By Allen Schaeffer

As policymakers debate future economic stimulus packages as part of a COVID-19 recovery plan, suspending the federal excise tax (FET) through 2021 for new heavy-duty commercial truck purchases will deliver immediate results, restore and expand domestic manufacturing jobs, increase productivity of truckers and reduce emissions for communities everywhere.

Since the crisis began the nation has witnessed firsthand the vital role of the nation’s trucking industry— the men, women and trucks on the road working to restock grocery store shelves and deliver essential medical supplies and personal protective equipment. Elected officials now have an extraordinary opportunity to give this industry a badly needed boost by suspending the FET through 2021. The FET layers on an average of $22,000 to the cost of a single new class-8 big rig, driving the price tag out of reach for many fleets and truckers that typically operate on razor thin profit margins and that don’t always have easy access to credit or financing.

The opportunity to modernize the truck fleet is significant. Truck sales in the United States are now predicted to decline by 50% in 2020. According to the latest DTF analysis of data from IHS Markit, more than half of all class 8 trucks on the road today are over ten years old, which will push the fleet age even higher. Diesel engines are the workhorse of the trucking industry and power more than 95% of the largest tractor trailer trucks. Truckers with these older model vehicles are missing out on an entire generation of improvements in fuel efficiency and now near zero emissions technology—not to mention a vast number of safety enhancements.

Suspending the FET to get more new trucks on the road is a reasonable and rational part of any recovery plan, especially any green recovery plan that hopes to deliver real economic and environmental benefits in the near term. With plenty of ideas circulating, policymakers need to balance aiding today’s recovery as well as seeding tomorrow’s future. Technologies available today can start working today and deliver benefits today, but must be weighed against approaches and technologies that are more aspirational and long-term and may not be commercially available.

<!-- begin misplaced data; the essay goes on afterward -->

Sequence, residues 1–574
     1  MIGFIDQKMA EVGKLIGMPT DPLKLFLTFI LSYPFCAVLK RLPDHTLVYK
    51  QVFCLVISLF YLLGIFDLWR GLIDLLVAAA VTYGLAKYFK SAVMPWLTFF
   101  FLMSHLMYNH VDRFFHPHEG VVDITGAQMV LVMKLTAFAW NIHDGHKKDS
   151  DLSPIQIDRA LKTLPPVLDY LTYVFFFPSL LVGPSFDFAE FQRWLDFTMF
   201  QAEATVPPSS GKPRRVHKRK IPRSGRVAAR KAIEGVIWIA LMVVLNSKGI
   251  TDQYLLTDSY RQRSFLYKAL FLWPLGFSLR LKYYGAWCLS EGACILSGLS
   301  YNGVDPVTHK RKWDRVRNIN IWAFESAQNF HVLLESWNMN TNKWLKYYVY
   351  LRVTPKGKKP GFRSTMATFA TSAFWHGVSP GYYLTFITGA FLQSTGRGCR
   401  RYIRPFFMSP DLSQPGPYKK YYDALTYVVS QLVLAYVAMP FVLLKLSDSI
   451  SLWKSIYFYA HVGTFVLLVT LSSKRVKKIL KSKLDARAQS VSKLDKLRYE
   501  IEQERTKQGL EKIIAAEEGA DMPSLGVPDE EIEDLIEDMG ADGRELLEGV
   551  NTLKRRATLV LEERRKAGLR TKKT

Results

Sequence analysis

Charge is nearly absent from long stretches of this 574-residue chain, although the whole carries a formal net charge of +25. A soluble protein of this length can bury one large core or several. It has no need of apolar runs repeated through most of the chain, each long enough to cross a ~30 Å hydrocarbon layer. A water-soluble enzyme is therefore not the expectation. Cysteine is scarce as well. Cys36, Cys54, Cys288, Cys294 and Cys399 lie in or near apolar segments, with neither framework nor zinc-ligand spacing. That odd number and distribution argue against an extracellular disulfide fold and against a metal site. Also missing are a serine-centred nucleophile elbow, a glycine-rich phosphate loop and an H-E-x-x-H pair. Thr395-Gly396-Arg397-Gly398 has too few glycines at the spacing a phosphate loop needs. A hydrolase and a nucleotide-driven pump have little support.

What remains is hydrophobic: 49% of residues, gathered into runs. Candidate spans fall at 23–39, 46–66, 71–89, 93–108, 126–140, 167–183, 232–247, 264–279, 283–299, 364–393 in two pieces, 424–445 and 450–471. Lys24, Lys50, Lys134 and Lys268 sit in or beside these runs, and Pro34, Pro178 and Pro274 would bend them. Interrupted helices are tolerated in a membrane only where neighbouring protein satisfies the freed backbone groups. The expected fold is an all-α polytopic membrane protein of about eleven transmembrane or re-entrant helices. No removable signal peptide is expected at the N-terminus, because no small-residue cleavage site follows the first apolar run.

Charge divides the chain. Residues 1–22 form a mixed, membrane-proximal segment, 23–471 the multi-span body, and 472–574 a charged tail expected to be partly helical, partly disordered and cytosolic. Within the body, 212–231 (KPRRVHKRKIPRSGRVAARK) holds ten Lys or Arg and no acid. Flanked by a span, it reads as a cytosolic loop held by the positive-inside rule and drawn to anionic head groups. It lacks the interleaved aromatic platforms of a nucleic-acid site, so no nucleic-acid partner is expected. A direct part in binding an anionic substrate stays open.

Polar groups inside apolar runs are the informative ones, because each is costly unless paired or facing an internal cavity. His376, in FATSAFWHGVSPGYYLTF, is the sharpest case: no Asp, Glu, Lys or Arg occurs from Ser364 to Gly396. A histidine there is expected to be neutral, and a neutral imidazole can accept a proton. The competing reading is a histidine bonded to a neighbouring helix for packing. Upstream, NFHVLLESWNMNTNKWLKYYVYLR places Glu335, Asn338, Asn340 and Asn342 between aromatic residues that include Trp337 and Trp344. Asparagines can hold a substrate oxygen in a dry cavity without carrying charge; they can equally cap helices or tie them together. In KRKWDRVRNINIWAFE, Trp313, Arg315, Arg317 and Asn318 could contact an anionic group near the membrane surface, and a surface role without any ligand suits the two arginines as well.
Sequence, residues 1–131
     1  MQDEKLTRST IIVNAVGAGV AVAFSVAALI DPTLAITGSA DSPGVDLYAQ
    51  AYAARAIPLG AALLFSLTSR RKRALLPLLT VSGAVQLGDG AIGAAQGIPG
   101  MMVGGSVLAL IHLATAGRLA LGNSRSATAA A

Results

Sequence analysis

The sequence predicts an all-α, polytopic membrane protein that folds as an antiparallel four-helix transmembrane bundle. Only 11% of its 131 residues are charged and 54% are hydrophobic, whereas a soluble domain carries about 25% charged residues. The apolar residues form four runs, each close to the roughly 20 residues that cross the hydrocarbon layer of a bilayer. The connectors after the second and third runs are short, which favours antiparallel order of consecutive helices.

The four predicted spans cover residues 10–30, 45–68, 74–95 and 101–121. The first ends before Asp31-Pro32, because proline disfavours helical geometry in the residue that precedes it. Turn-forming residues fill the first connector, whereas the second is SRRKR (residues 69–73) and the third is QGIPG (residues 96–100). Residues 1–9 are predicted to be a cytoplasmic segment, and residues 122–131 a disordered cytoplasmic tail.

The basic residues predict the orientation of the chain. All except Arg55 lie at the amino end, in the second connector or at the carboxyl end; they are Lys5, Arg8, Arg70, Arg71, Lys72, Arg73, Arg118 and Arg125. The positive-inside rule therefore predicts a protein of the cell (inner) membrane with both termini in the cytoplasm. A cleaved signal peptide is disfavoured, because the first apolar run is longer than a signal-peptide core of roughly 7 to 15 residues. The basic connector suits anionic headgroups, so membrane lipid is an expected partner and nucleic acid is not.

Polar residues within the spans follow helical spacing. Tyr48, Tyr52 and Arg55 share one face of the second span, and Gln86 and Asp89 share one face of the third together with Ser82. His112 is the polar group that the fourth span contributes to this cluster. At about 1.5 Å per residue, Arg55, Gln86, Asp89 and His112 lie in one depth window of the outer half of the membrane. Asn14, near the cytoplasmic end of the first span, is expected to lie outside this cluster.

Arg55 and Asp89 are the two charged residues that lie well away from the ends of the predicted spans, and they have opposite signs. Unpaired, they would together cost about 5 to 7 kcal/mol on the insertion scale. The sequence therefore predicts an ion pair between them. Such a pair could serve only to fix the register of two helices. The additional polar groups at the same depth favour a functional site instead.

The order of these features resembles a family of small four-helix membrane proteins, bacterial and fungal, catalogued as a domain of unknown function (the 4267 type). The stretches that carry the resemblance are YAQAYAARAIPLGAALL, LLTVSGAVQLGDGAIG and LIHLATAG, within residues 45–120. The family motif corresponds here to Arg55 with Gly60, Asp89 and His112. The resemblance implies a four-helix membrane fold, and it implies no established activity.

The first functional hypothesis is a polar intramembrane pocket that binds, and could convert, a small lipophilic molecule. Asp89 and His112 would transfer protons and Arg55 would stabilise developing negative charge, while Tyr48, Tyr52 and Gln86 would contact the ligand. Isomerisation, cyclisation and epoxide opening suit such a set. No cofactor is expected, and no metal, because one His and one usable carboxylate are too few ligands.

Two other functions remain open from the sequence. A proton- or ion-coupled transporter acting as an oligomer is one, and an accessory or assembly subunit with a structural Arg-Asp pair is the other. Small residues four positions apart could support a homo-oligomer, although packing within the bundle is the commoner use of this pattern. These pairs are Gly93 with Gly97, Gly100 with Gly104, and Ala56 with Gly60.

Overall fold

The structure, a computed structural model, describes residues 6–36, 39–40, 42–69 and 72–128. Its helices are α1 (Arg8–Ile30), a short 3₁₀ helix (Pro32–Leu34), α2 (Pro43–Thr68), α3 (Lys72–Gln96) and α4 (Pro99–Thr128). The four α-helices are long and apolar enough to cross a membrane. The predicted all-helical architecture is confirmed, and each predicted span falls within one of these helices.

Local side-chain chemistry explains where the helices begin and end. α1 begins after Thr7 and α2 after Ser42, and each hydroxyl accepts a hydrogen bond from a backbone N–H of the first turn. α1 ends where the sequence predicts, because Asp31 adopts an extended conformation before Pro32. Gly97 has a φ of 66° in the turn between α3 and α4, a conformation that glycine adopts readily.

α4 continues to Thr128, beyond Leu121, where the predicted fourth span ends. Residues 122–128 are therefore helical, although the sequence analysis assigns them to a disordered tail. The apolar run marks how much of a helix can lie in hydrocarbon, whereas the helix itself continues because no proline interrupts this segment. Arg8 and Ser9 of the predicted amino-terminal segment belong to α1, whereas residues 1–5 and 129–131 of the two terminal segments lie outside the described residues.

Unlike cars, commercial vehicles are capital investments with longer useful lives. It is not uncommon for trucks to be in service more than 20 years powered by engines that have seen more than a million miles and have been rebuilt many times over. Yet while trucks are prided for their durability and longevity, they may not be using the latest efficient and clean generation of technology. The most recent near-zero emissions tailpipe standards for commercial trucks were implemented a decade ago.

Thanks to the newest generation of clean diesel technology, a new truck replacement today can eliminate more than 250 lbs. of fine particle emissions and almost 10 tons of greenhouse gas emissions. Compound these benefits over the share of trucks on the road not using current technology and the benefits are substantial. Consider this: Half of the fleet using the latest generation clean technology has eliminated 1 million tons of fine particle emissions, or the equivalent to taking all cars off U.S. roads for 33 years.

Cleaner fuel and engines utilizing advanced technologies have combined to reduce nitrogen oxide emissions by 97% and particulate matter emissions by 98%. Since 2010, more fuel-efficient diesel trucks have saved 101 million barrels of crude oil and reduced CO2 emissions by 43 million tons.

The time is right to encourage truckers to invest in technologies that are commercially available now, that can start working immediately, and deliver economic and environmental benefits today. Boosting truck sales by temporarily suspending the federal excise tax on truck purchases is a great way to spark demand for U.S. truck production, boost employment and sustain truck dealers that support local communities while generating significant and lasting clean air and climate benefits.


Allen Schaeffer is the executive director of the Diesel Technology Forum (DTF). Celebrating its 20th anniversary in 2020, the Diesel Technology Forum is a not-for-profit organization dedicated to raising awareness about the importance of diesel engines, fuel and technology. Forum members are leaders in advanced engines, vehicles and equipment, cleaner diesel and renewable biofuels and emissions-control systems. For more information visit